• Introduction of Non-melanoma skin cancer: Non-melanoma skin cancer (NMSC) is the most commonly diagnosed type of cancer. Over 2 million patients are treated for these cancers each year in the USA alone resulting in nearly $1.5 billion total direct costs annually. Unlike many other types of cancer, the rates of Non-melanoma skin cancer continue to rise indicating the need to increase research and identify new, more effective therapies. Non-melanoma skin cancer are primarily caused by chronic exposure to ultraviolet (UV) light from the sun, although chemical exposure, chronic wounds, and viral infection can be risk factors as well. There are two main types of Non-melanoma skin cancer: basal cell carcinoma (BCC) and squamous cell carcinoma (SCC). Basal cell carcinoma account for about 80% of skin cancers and although these tumors are rarely metastatic, patients have a high risk of developing additional tumors within 5 years of diagnosis. Squamous cell carcinoma make up roughly 16% of all skin cancers and are typically more aggressive than basal cell carcinoma, posing a higher risk for metastasis and leading to approximately 2,500 deaths annually. The risk of developing skin cancer is very high in the general population, as one in five people will develop skin cancer in their lifetimes however; certain populations such as transplant patients are at an even greater risk. Angiogenesis, the growth and expansion of the vasculature, is an important process in the growth and metastasis of many cancers, including Non-melanoma skin cancer. Vascular endothelial growth factor (VEGF) is a potent pro-Angiogenic factor and several studies have established a critical role for vascular endothelial growth factor in skin cancer. Vascular endothelial growth factor promotes skin carcinogenesis through the induction of angiogenesis. Additionally, several recent studies have now uncovered direct effects of vascular endothelial growth factor on keratinocytes and skin tumor cells.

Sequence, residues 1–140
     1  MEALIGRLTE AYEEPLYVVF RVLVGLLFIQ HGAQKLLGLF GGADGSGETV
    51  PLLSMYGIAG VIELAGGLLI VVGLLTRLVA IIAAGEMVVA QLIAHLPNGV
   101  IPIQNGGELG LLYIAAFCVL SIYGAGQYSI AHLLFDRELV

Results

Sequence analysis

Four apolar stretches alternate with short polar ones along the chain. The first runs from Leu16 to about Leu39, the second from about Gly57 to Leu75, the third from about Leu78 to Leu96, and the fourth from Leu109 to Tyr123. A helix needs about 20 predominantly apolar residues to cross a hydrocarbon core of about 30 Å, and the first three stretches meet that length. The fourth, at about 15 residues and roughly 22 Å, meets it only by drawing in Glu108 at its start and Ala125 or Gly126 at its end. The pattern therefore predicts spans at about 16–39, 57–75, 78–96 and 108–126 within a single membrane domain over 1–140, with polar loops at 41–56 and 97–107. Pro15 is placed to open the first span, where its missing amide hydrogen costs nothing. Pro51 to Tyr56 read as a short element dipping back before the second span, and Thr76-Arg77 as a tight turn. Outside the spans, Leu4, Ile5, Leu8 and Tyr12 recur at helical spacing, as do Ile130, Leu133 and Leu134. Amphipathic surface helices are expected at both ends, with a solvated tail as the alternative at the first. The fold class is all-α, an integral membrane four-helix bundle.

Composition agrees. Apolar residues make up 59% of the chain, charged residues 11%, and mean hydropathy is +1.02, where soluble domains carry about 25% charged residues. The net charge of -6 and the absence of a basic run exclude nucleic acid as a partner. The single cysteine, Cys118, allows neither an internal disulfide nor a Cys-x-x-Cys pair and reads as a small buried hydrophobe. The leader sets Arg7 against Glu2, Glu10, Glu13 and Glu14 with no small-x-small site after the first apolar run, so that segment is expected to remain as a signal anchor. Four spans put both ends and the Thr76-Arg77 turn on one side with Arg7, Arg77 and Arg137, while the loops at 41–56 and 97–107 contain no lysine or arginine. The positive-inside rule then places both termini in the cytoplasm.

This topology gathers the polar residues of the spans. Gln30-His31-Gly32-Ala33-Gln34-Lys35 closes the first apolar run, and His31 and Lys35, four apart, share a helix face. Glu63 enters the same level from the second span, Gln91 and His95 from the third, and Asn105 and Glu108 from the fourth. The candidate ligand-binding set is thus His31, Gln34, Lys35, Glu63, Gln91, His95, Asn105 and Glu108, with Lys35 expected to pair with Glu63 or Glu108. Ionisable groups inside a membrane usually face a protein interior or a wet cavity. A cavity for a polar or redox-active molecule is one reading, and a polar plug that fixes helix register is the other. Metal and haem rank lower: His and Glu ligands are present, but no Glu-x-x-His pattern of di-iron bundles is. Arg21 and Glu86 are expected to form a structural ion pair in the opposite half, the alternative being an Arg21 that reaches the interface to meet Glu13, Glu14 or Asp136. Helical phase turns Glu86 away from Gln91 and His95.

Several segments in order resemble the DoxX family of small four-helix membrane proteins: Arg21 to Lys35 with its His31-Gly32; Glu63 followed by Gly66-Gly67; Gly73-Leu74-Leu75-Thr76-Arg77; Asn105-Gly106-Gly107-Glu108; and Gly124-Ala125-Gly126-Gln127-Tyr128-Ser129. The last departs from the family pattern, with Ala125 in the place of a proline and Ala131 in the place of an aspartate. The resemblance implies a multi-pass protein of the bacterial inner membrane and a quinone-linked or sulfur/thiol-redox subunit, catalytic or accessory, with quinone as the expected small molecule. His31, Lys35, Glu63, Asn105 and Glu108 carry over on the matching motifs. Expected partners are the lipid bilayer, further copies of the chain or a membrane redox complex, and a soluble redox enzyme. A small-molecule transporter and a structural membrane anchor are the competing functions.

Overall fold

• VEGF and Angiogenesis in Skin Tumors: Strong evidence has demonstrated that VEGF plays an important role in skin carcinogenesis. In human skin, VEGF is expressed at low levels in normal epidermis, with more differentiated epidermal cell layers generally expressing more VEGF than less differentiated epidermal cells. Several studies have confirmed that VEGF levels are elevated in tumor cells compared to normal epidermal cells using immunohistochemistry and hybridization techniques. Tumor cells of human BCCs tend to show weak VEGF expression with positive tumor cells predominantly localized to the invading margin. In contrast, SCCs, which are typically more
    • aggressive than BCCs, display more intense and widespread staining, with higher expression in tumor cells localized near infiltrating inflammatory cells. Furthermore, VEGF expression is elevated in poorly differentiated SCCs compared to well differentiate tumors. Vessel density is also high in SCCs, especially in late-stage SCCs, compared to normal skin, actinic keratoses, BCCs, or early-stage SCCs. In mice, acute exposure to tumor promoters such as TPA or UV light causes up regulation of VEGF and induction of angiogenesis in the skin. What is observed in human tumors. VEGF is low in murine skin and increases stepwise during tumor genesis. A functional role for VEGF in skin tumor angiogenesis has been demonstrated through the use of transgenic. Both K6-VEGF and K14-VEGF transgenic mice which over express VEGF in epidermal keratinocytes show elevated blood vessel density in the skin and in skin tumors. K14-VEGF mice develop chemically-induced tumors more rapidly and also have a dramatically higher incidence of metastasis. Conversely, conditional K14-VEGF mice have reduced blood vessel density in tumors and are much more resistant to chemical carcinogenesis. VEGF also plays a role in UV-induced skin carcinogenesis. UV exposure increases VEGF levels and neovascularization in the skin. Inhibition of VEGF in the skin with compounds such as epigallocatechin-3-gallate (ECGC) and myricetin leads to a decrease in angiogenesis and a reduction in the number of UV-induced skin tumors . SCC-13 cells transfected with VEGF when injected subcutaneously or intradermally into nude mice .Furthermore, treatment with VEGFR-2 blocking antibodies reduces endothelial cell proliferation and vessel density in tumors. Conclusion: Transfected cells were injected subcutaneously into mice .VEGF-driven tumors were larger, more vascular, more invasive, and had higher numbers of infiltrating M2 macrophages compared to control tumors. Depletion of macrophages reversed the effects of VEGF over expression, indicating that VEGF was influencing tumor development by affecting macrophages. In this model, VEGF stimulated the recruitment of macrophages to the tumors. These studies indicate that in addition to
    • promoting angiogenesis, VEGF can influence skin carcinogenesis by recruiting immune cells.
    • Each of us wants and needs to believe that we will be helped and “cured” by whatever therapy is used. The information you receive may cause disappointment. It is important not to let disappointment rob you of your determination or will to live. Simply learn from your experience and go on.